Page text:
BY HANK REICHMAN
In the wake of a series of incidents in which provocative and often offensive individuals, mostly from the right side of the political spectrum, have been prevented from speaking at college and university campuses, a number of state legislators have proposed — and a few have passed — legislation that would ostensibly protect free speech on campus. Last month the AAUP issued a statement opposing “any legislation that interferes with the institutional autonomy of colleges and universities by undermining the role of faculty, administration, and governing board in institutional decision-making and the role of students in the formulation and application of institutional policies affecting student affairs.” The statement added, “The appropriate institutional regulations on campus free speech and protest, the invitation of outside speakers, and student discipline should be adopted through normal channels of institutional governance, and such regulations should be consistent with Association-approved” policies.
I previously discussed these ill-conceived efforts in my post, “On Outside Speakers and Academic Freedom, Part III.” I noted how many of these proposals were based on a “model bill,” entitled the Campus Free Speech Act, prepared by the Goldwater Institute, a libertarian think tank, and Stanley Kurtz, senior fellow at the Ethics and Public Policy Center. In Tennessee, the proposed legislation was amended in such a manner that, according to John Wilson’s analysis on this blog, it became “a really good law that strongly protects free speech on campus.” But the picture has been more muddled in other states.
Now comes word that Louisiana Governor John Bel Edwards, a Democrat, yesterday vetoed a bill asking public colleges and universities in that state to punish students who interfere with “the free expression of others.” The bill, sponsored by House Republican Caucus Chairman Lance Harris of Alexandria, would have required colleges to adopt a statement saying they strive for free expression on campuses, won’t shield students from unwelcome or offensive speech and will permit protests and demonstrations. Had it become law, the Board of Regents would have had to create an Orwellian “committee on free expression” to report annually on controversies or barriers to free speech on campus.
Edwards described these requirements as “complex policies” that were “overly complicated” and would “only frustrate the goals it purports to achieve.” He called the bill “a solution in search of a problem” as well as “unnecessary and overly burdensome.”
“The protection of speech has survived and flourished in the 226 years since the adoption of the First Amendment, and it will continue to do so without House Bill 269 becoming the law of Louisiana,” Edwards wrote in a letter explaining his veto.
The final bill passed by the Legislature was significantly weakened from an initial version that required much more serious penalties for interfering with controversial speakers and guest appearances. According to a report on nola.com, “Provisions establishing mandatory penalties and allowing campuses to be sued were stripped by the Senate, largely ending legislative opposition to the bill. Instead, campuses were supposed to be able to decide any punishments for students who are deemed to be inhibiting free speech. The House voted 95-0 to pass Harris’ bill. The Senate vote was 30-2.”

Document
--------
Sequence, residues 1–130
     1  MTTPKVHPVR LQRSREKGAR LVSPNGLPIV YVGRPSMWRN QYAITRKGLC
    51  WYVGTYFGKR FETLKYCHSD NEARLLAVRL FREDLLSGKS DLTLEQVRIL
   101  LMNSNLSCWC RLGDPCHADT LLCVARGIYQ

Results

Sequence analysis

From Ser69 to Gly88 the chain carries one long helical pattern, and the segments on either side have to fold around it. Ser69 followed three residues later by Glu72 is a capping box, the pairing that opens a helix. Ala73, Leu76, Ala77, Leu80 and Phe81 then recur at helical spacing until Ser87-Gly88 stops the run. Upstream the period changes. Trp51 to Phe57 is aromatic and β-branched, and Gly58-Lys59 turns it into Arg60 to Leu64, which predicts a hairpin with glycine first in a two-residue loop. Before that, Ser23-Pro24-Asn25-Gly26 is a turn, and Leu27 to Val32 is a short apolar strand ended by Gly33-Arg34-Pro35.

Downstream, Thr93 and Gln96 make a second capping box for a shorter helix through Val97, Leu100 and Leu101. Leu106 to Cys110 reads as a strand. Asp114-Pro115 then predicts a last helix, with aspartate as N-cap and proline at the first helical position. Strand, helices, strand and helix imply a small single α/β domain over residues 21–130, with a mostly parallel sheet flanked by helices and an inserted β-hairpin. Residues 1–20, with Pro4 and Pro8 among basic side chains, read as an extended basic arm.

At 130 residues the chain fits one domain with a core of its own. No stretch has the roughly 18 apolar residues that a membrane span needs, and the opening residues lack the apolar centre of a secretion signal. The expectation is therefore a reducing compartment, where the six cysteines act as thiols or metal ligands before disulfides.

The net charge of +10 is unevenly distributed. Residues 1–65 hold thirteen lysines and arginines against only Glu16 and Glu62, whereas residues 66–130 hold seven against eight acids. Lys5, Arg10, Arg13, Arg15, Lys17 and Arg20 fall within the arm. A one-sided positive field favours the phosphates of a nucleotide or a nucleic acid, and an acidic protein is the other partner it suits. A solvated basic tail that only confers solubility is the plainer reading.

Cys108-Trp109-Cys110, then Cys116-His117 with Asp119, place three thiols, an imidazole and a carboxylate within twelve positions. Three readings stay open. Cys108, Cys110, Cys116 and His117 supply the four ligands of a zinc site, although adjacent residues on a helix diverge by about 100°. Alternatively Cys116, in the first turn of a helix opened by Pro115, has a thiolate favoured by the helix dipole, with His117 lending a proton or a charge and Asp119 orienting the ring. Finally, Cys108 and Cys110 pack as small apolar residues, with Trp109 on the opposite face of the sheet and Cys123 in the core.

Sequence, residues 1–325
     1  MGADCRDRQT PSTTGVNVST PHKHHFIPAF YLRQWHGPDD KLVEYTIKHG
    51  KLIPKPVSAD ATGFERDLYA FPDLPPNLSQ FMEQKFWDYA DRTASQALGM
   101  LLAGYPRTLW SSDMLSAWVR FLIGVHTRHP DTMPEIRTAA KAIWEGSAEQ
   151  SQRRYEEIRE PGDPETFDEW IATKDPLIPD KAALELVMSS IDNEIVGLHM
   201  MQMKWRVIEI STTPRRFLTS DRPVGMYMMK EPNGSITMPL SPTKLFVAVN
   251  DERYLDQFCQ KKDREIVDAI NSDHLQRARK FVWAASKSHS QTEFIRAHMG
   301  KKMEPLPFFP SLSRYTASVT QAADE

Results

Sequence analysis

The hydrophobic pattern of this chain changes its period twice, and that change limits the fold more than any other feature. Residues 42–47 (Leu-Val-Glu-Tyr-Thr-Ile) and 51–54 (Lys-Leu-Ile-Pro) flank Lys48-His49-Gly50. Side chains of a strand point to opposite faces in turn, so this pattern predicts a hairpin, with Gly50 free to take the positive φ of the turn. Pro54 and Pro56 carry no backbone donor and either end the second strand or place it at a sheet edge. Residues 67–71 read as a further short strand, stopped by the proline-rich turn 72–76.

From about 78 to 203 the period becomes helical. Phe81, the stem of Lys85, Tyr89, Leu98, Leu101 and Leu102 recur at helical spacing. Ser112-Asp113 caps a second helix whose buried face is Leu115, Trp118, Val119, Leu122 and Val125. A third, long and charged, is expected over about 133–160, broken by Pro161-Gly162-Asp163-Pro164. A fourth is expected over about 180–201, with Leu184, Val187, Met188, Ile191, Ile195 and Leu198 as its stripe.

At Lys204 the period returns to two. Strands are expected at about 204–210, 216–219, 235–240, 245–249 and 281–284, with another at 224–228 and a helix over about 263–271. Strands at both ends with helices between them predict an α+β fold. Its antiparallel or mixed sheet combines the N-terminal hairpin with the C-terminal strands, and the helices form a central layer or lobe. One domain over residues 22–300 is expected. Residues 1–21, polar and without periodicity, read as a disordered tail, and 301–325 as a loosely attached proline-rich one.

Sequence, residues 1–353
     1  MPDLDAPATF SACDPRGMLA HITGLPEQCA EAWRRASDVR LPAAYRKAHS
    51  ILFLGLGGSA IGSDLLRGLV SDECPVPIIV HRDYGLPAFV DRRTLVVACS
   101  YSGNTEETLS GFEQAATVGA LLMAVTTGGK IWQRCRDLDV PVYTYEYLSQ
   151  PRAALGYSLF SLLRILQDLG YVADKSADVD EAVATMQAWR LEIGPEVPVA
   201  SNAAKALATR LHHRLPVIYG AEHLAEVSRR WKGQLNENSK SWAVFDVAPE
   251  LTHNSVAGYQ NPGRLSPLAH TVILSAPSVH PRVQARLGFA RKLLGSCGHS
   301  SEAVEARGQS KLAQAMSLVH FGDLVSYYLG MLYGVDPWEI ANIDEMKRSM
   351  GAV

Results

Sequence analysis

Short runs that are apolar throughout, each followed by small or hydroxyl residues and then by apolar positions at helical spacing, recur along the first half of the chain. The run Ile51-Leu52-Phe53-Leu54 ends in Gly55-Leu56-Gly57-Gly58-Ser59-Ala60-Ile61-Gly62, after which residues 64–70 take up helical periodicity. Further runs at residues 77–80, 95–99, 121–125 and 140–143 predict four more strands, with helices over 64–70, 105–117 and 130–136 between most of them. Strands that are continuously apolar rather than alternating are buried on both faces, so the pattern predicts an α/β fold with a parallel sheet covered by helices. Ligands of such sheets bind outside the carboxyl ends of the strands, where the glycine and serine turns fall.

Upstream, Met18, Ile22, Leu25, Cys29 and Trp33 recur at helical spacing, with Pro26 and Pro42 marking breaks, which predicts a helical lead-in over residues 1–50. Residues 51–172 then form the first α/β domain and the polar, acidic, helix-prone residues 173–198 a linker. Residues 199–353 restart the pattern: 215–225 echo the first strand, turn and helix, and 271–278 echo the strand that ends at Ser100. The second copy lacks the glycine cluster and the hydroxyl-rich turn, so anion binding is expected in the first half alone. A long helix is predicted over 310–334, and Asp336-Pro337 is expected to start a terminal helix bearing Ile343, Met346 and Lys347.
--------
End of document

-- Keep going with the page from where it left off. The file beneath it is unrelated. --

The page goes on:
Three cheers for Governor Edwards and shame on those legislators who, on a bipartisan basis, were willing to endorse such needless and potentially harmful legislation. Hopefully, other governors and legislators will take heed.
One state where Edwards’s message should be heard is Wisconsin, where the state Assembly has by a 61-36 margin approved “The Campus Free Speech Act,” a Republican-sponsored bill that would, in the words of Madison Capital Times editor John Nichols, “throw a wrench into the machinery of debate and discourse that underpins the Wisconsin Idea.”
Employing language similar to that used by Gov. Edwards in Louisiana, state Rep. David Crowley, D-Milwaukee, noted that “there are already numerous laws on the books that protect free speech and punish those who are violent or disruptive.” He argued: “The crisis that Wisconsin Republicans are addressing in this bill is a manufactured one aimed at limiting exposure to differing opinions and creating extreme, unwarranted, and unnecessary punishments for exercising your right to protest.”
Fortunately, owing largely to internal political frictions among Wisconsin Republicans, the bill now faces a questionable fate in the state Senate. According to a report in the Capital Times, Myranda Tanck, a spokeswoman for Senate Majority Leader Scott Fitzgerald, R-Juneau, said members “haven’t had a chance to discuss” the campus speech bill in a caucus. Although the bill was referred to the Senate Committee on Universities and Technical Colleges, which is led by one of its co-authors, Sen. Sheila Harsdorf, R-River Falls, it has not been scheduled for a hearing or committee vote. The bill is now unlikely to be considered before the legislature’s next session begins September 12.
In the meantime AAUP members and other faculty leaders in Wisconsin will continue to oppose this dangerous legislation. (For more specifics on the Wisconsin legislation and the fight to defeat it, see my discussion in “On Outside Speakers and Academic Freedom, Part III.”)